My bad. I was contacted by one of my readers, who was very excited to see my post of Alton Browns Aged Eggnog – until she read the list of ingredients, that is.
Like many people, she does not drink , so while that is a great recipe for some, it doesn’t work so well for her or her children.
So, for those who prefer their eggnog without the alcohol, here is a family friendly version! This recipe will serve 6 and can easily be doubled, (or halved), so everyone around the tree can raise a glass to celebrate the season. The original comes from Food Network Magazine but, I could not resist a few tweaks when I made my test batch.
This will still take some planning, if you want to let it cool before serving, but I did taste it while it was still hot, and it is pretty good that way too.
3 1/2 cups whole milk
1/2 cup whipping cream
1/4 teaspoon nutmeg
1/8 teaspoon cinnamon
2 teaspoons vanilla extract
6 egg yolks
1 cup white sugar
Heat milk, cream, nutmeg and cinnamon over medium heat, stirring occasionally until milk is steaming, but NOT boiling. This should take 5 – 7 minutes. Stir in vanilla, remove from heat and keep warm.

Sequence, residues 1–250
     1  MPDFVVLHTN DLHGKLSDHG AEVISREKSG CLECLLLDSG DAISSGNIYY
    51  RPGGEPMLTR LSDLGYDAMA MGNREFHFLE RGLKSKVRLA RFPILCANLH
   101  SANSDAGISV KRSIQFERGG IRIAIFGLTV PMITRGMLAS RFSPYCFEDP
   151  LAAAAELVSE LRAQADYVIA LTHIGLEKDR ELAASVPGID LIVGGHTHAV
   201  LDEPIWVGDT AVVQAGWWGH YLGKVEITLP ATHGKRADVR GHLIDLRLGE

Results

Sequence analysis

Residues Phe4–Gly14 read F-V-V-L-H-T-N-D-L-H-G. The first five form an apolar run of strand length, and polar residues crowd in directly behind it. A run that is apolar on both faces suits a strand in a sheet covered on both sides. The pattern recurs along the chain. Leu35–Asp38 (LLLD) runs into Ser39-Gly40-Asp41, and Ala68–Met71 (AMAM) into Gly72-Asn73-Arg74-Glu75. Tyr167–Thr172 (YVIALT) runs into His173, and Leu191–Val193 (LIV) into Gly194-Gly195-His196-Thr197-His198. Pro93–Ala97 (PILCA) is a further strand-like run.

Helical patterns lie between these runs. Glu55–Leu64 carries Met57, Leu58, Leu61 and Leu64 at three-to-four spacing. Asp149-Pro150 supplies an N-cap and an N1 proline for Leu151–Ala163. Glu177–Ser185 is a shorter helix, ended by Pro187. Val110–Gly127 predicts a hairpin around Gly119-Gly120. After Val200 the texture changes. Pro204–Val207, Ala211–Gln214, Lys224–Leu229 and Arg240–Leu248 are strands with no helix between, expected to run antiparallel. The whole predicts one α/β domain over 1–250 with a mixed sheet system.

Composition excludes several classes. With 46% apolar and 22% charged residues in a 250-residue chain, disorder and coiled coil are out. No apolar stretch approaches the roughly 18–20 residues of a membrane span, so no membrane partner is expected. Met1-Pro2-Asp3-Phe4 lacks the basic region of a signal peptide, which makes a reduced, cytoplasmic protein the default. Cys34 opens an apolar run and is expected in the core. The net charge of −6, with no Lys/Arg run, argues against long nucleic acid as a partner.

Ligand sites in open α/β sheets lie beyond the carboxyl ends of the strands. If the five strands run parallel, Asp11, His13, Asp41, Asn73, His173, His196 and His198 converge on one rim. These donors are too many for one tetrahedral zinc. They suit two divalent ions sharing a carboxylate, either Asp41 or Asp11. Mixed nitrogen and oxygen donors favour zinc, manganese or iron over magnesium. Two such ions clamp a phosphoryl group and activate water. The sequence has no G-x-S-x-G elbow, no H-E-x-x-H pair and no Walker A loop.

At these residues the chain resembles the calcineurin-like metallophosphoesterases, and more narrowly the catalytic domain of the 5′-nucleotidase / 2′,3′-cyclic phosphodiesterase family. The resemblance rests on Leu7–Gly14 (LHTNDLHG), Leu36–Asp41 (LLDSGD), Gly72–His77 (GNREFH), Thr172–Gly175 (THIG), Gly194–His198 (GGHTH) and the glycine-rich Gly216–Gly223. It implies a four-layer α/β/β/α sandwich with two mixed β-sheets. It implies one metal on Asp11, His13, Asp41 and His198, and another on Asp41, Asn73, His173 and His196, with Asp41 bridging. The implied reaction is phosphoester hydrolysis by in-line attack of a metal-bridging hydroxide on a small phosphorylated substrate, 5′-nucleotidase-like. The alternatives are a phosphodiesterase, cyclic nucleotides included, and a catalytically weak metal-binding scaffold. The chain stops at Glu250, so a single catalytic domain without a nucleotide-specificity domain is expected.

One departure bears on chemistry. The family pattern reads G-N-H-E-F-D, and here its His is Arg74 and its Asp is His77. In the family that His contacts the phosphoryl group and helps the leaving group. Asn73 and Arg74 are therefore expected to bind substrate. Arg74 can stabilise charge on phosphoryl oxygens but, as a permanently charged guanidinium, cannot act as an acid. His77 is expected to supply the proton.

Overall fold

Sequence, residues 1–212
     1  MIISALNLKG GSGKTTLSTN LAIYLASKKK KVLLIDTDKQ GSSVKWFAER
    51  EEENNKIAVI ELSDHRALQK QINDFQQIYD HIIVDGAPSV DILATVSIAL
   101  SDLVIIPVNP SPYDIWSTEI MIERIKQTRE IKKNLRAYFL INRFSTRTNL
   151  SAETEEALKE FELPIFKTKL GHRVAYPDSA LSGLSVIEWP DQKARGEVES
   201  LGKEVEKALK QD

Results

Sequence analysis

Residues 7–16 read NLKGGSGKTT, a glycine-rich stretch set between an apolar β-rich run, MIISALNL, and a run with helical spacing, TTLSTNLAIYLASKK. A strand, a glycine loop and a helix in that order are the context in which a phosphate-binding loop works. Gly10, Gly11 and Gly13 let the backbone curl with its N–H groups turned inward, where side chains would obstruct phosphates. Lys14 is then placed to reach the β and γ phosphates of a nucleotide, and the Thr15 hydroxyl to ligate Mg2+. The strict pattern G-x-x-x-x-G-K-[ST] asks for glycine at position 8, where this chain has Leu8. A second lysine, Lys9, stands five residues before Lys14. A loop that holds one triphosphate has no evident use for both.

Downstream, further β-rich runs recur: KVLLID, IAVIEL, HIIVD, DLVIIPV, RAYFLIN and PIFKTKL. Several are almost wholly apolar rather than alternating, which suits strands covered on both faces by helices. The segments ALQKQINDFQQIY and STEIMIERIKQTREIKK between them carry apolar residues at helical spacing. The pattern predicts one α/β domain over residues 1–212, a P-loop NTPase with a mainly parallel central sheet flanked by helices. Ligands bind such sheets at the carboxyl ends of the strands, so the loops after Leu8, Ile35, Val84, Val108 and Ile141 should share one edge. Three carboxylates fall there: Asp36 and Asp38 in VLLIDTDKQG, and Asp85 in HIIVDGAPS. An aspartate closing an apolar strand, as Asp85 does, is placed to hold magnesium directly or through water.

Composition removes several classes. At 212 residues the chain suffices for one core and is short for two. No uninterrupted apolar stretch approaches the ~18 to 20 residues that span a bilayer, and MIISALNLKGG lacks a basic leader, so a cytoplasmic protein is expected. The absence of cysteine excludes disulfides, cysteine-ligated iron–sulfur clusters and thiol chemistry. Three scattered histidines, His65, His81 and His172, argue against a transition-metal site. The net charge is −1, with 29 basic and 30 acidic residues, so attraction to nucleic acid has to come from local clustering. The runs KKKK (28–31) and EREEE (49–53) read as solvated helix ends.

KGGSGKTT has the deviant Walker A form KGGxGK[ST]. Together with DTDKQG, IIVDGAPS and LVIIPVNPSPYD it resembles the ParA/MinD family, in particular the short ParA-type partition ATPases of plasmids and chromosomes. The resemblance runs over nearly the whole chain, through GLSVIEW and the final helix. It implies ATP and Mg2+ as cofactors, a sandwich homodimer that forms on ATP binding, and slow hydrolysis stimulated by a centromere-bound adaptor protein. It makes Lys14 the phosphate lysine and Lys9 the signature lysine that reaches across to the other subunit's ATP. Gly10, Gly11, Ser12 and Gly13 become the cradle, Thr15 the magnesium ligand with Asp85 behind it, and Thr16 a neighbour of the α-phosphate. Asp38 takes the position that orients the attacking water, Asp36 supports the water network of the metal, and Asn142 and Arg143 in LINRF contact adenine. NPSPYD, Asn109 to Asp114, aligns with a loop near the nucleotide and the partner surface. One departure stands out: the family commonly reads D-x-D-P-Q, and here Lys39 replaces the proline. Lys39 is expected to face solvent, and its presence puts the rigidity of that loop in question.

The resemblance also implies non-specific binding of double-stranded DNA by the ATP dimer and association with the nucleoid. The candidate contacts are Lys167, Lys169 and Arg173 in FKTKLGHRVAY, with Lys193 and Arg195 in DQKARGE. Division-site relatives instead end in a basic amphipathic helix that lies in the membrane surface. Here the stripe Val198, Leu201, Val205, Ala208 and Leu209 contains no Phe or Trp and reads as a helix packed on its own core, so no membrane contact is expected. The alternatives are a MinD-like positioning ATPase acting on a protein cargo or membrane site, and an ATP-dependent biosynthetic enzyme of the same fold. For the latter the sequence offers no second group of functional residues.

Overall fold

Whisk the egg yolks and sugar in another saucepan until smooth. Cook over ultra low heat, whisking constantly, until the yolks are warm and the mixture is somewhat shiny. This will take about 7 minutes. Remove from heat and whisk in a small amount of the hot milk. Once well mixed, repeat with a little more milk. Continue until you have added all the milk. It is important to do this step slowly to avoid curdling the egg mixture. (see cooks note below)
Once all the milk has been added to the egg mixture, cook over low heat stirring constantly, until the mixture coats the back of a spoon. This will take 5 – 10 minutes. If you have a candy thermometer, use it to check the temperature, which should be 160F.
Remove from heat, let cool 30 minutes, then transfer to pitcher and chill until cold.
To serve, pour into glasses and sprinkle with nutmeg.
COOKS NOTE: If you add the hot milk too quickly, the eggs will curdle. If this happens, finish cooking as directed but before chilling, pour thru a strainer lined with a couple layers of cheese cloth. This will get rid of all the lumps.